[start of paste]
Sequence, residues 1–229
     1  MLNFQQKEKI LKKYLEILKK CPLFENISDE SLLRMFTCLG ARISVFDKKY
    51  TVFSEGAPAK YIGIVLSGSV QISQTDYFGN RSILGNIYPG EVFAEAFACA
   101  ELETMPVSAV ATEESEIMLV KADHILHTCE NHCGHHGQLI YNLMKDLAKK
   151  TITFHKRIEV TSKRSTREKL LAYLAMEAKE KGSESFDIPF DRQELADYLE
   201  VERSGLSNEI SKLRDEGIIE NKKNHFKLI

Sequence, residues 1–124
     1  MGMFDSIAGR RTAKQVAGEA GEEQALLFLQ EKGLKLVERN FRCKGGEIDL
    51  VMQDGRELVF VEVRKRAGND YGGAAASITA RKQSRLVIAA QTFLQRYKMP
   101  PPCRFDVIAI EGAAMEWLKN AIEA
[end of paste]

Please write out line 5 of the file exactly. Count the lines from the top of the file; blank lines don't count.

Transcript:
   151  TITFHKRIEV TSKRSTREKL LAYLAMEAKE KGSESFDIPF DRQELADYLE